Scientists still don’t know what’s killing large numbers of fish and other sea creatures washing up in a remote area of western Nova Scotia but they do have a few theories.

Scores of herring, starfish, lobsters -- even a whale -- have washed up over the past month between St. Marys Bay to Tusket. Scientists say it’s too soon to know if the whale’s death is related to the others.

Marine ecologist Kent Smedbol, who works for Fisheries and Oceans Canada, talked to CTV Atlantic about the possibilities.


So far, all tests for bacterial and other diseases have all come back negative, according to Smedbol.

There are some viral tests that have not yet to be completed, so disease remains a possibility.

Storm runoff

Storms can be deadly for marine life, according to Smedbol.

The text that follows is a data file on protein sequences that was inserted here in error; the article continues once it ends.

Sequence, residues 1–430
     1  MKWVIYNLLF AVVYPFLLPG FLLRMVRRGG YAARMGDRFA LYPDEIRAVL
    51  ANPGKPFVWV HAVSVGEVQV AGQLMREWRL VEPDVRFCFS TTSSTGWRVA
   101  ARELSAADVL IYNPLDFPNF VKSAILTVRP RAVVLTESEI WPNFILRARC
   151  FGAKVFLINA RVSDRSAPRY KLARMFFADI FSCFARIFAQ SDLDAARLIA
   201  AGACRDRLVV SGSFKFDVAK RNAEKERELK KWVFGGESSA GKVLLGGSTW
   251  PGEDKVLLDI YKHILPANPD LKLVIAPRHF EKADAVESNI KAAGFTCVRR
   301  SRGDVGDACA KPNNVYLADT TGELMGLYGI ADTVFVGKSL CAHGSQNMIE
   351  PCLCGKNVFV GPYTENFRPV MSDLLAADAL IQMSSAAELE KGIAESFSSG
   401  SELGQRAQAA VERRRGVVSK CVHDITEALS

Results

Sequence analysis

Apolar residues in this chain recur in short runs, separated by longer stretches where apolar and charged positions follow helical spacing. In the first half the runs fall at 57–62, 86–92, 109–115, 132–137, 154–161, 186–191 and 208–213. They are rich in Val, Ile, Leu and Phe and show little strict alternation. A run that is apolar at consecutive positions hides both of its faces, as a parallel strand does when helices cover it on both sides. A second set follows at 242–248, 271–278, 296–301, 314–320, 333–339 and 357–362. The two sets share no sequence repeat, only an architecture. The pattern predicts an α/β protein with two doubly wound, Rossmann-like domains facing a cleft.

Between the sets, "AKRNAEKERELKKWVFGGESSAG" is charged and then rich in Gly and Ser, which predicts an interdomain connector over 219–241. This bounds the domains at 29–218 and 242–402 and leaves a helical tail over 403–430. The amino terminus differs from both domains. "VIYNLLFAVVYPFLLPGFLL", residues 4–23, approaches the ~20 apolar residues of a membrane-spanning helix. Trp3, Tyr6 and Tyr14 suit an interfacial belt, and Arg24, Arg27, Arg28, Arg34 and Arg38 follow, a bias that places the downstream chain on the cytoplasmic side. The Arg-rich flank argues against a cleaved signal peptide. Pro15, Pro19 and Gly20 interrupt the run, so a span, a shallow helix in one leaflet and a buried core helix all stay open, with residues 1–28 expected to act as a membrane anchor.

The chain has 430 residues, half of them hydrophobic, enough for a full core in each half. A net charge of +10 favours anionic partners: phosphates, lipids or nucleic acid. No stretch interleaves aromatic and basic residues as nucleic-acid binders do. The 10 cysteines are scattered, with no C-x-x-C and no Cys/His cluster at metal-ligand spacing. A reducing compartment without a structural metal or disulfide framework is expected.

Storms cause “turbulence” and they can also lead to fresh-water runoff that “can quickly drop the salinity close to shore.”

So far nothing anomalous has been noticed in the weather patterns but it remains a possibility, according to Smedbol. The salinity of the water is being tested.

Human contaminants

Smedbol said it’s possible some sort of human-made pollutant or agricultural runoff caused the problem but it seems unlikely considering there are few farms or people in the area.

Either way, St. Marys Bay “basically empties and refills once a day,” according to Smedbol, “so if it was a one-off event it might have already washed out of the bay.”

The new tidal turbine

A new five-storey-high underwater turbine started generating power for consumers in November.

Many armchair scientists believe this is the cause of the die-off but Smedbol says the evidence to date doesn’t support that theory.

Video evidence shows some of the animals washing up on the beach are still alive when they get there, and the turbine is about 160 kilometres away.